Berlin - The news earlier this year that one of the city's youngest polar bears was the result of inbreeding came as a shock. A surprise exacerbated by the fact that Hertha now can't have her own offspring and contribute to the preservation of her endangered species. Even worse: The mistake could easily have been prevented.
Eight years ago Ulrike Joerres, a zoo blogger who lives in Düren near Cologne, discovered inconsistencies in breeding books indicating that a mix-up in a Moscow zoo might mean Hertha's parents Tonja and Wolodja were siblings. So why didn't Berlin Zoo management take a closer look?
The 68-year-old blogger wonders as well. Knut, the loveable polar bear that shone a global spotlight on the Berlin Zoo years ago, first piqued Joerres' interest in bear geneaology and she has been tracking every polar bear in a European zoo for more than a decade.
"Tonja was assigned the wrong parents after her birth in 2009 at the Moscow Zoo. That didn't have to become a problem. After all, she was originally intended as a bride for Knut," Joerres says. But Tonja arrived in Berlin in August 2011, five months after Knut's death from a rare virus. With her first husband dead, the European Endangered Species Breeding Programme (EEP) began looking for a new mate and landed on Wolodja.
Three bears, two sets of parents
The new mate was two years younger and, like Tonja, was born at the Moscow Zoo. He was moved to Berlin in the summer of 2013.
Joerres began looking at the bears' family trees using studbook entries - she has amassed an impressive collection of zoo contacts since starting her hobby.
"In them, two polar bear pairs are listed for the Moscow Zoo that had offspring almost simultaneously in November 2009," Joerres said. One pair, Murma and Untay, fathered a female, number 2916. The number would eventually be assigned to Tonja. The second couple, Simona and Vrangel, the future parents of Wolodja, had female twins with studbook numbers 2917 and 2918.
But Joerres became suspicious when she discovered two entries for cub number 2916. According to the books, bear 2916 was moved to both Beijing in January 2011 and Tierpark Berlin as Tonja in the summer of 2011 via Zoo Rostow.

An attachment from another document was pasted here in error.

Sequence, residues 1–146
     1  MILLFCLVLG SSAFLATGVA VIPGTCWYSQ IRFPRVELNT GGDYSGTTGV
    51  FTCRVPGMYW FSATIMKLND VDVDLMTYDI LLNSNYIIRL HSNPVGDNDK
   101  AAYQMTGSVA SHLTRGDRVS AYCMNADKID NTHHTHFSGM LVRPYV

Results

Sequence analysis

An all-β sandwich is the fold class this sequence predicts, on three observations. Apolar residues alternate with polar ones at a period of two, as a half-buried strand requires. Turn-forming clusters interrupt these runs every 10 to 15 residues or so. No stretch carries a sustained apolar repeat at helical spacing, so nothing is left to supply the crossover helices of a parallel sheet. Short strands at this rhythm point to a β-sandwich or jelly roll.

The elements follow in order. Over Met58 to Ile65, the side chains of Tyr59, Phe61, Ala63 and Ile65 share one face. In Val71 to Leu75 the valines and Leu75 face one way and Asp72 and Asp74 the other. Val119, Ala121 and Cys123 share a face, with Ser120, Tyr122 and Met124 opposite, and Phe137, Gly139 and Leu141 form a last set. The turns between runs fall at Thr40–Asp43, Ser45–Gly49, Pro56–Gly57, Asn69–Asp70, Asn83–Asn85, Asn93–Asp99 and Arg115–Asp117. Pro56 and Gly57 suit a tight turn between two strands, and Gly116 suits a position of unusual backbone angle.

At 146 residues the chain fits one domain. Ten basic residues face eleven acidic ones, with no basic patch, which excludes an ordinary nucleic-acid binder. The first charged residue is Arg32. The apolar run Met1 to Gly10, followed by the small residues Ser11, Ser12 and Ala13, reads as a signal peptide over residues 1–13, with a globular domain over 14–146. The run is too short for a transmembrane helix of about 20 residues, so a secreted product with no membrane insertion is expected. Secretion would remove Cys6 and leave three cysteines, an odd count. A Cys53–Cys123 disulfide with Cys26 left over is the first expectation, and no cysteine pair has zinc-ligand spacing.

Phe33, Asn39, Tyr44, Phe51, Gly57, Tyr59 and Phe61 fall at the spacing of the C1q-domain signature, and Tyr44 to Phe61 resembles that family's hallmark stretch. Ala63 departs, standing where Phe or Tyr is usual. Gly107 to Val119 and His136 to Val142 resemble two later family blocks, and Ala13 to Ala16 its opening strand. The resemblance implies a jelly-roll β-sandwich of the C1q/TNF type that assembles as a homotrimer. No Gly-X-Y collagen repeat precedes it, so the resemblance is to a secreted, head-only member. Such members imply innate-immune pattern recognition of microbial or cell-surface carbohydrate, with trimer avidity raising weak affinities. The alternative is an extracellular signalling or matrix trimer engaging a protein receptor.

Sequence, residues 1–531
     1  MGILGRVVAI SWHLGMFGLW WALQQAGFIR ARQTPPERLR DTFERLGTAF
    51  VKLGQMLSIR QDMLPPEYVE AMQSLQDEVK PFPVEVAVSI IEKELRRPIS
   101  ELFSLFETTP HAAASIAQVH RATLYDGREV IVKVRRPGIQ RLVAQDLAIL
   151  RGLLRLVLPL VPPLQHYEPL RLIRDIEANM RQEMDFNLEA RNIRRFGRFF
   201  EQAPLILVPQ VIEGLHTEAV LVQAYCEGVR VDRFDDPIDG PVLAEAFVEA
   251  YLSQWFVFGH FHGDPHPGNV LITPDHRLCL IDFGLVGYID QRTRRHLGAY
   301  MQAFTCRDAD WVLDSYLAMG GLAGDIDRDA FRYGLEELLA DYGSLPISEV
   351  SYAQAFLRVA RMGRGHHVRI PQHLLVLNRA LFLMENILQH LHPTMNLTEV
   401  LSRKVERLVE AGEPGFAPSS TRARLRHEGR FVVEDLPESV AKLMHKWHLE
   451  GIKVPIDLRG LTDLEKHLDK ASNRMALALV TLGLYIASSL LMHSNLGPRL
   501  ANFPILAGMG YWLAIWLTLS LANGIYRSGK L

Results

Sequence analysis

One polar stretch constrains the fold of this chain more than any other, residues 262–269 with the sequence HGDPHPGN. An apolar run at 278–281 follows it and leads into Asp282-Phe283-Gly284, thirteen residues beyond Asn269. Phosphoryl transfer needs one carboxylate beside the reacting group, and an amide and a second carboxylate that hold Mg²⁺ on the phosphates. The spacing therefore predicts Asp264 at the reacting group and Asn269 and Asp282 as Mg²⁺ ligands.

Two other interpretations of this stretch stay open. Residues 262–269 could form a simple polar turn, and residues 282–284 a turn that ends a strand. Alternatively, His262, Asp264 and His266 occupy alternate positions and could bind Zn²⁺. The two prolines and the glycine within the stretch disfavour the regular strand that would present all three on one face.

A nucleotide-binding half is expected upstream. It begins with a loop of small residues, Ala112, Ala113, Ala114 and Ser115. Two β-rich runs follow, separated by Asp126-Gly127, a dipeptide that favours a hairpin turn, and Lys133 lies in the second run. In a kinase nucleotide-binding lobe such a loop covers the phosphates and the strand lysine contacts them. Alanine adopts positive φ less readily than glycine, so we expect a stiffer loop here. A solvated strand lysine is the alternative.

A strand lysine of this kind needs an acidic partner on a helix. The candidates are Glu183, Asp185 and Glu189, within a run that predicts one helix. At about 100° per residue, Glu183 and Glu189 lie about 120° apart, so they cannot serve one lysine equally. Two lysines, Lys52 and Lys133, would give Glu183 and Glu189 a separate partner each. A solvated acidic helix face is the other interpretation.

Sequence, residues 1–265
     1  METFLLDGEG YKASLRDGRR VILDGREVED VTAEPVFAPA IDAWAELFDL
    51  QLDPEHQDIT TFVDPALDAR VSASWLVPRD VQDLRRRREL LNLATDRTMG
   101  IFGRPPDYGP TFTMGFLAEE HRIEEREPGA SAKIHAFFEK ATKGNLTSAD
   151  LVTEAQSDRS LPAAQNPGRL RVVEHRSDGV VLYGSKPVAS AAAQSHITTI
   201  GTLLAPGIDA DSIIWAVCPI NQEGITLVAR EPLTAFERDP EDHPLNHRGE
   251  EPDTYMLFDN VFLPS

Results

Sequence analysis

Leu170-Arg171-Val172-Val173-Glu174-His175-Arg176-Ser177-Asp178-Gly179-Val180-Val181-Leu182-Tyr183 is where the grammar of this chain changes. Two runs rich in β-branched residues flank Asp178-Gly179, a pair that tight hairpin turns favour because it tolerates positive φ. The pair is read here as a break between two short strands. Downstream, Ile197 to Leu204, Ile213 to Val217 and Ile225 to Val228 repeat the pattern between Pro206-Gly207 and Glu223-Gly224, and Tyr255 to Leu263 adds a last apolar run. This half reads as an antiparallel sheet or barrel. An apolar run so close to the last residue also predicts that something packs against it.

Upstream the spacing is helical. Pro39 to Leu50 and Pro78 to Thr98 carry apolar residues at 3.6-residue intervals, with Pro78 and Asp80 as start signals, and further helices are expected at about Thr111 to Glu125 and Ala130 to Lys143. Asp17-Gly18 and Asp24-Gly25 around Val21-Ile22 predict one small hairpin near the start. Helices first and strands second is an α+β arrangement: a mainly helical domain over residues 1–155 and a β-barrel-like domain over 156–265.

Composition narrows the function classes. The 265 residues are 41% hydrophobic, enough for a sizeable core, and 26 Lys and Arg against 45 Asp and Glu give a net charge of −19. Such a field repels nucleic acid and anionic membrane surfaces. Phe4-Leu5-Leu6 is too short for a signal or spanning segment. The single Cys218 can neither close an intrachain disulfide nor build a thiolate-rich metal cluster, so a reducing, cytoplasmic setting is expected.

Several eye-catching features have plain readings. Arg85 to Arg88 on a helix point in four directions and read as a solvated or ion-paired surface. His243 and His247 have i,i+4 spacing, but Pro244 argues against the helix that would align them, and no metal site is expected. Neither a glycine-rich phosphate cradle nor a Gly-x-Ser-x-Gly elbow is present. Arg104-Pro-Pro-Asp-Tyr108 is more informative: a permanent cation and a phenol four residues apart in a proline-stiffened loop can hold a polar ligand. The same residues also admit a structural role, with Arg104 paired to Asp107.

"I suspected that they had mixed up the young animals in the entries. It was only logical that Tonja might actually be the daughter of Simona and Vrangel, and thus a sister of Volodya," she said.
Joerres blogged her suspicions in August 2013 in an attempt to warn the Berlin zoo against mating Volodja with Tonja. Her post caused quite a stir among animal welfare groups. Without naming the source of their findings, they accused Berlin Zoo boss Bernhard Blaszkiewitz of wanting to breed a new polar bear to attract media attention, and taking inbreeding for granted in the process.
"Blaszkiewitz was no stranger to the subject of inbreeding at the time," James Brückner, head of the German Animal Welfare Association, says today. "The lions then at the zoo had produced cubs through inbreeding who often didn't survive. Systematic inbreeding creates high mortality in cubs, and you have to expect diseases or genetic defects in the offspring."
It took time for Blaszkiewitz to respond to the accusations. One day before Volodya's presentation, he announced in August 2013 that the polar bear was not a brother of Tonja. According to Blaszkiewitz, her family tree was clear in her papers and Joerres, despite having discovered the inaccuracies, believed him.
Believe the science
"After all, I couldn't provide any scientific proof for my suspicions," she says. "The zoo could would have been able to do that."
Russian biologist Marina Galeshchuk, the current head of the EEP, this year stumbled across the same inconsistencies as Joerres in Tonja's studbook. Joerres says that this time Blaskiewitz' replacement as zoo director, Andreas Knieriem, followed up on the biologist's tip and ordered a genetic analysis of Tonja.
"He deserves a lot of credit for publicising the result that Tonja and Wolodja are indeed siblings and that Hertha is the result of inbreeding," she says.
So why didn't the zoo conduct a genetic analysis in 2013? Because more trust was placed in the documentation from Moscow Zoo, the EEP recommendations based on them, and the animal transport papers.
"These are official documents, similar to a passport," a zoo spokesperson says. There had been no reason to doubt them, she says. The case illustrates "how important it is that we perform our work in the future in all areas increasingly on a scientific basis."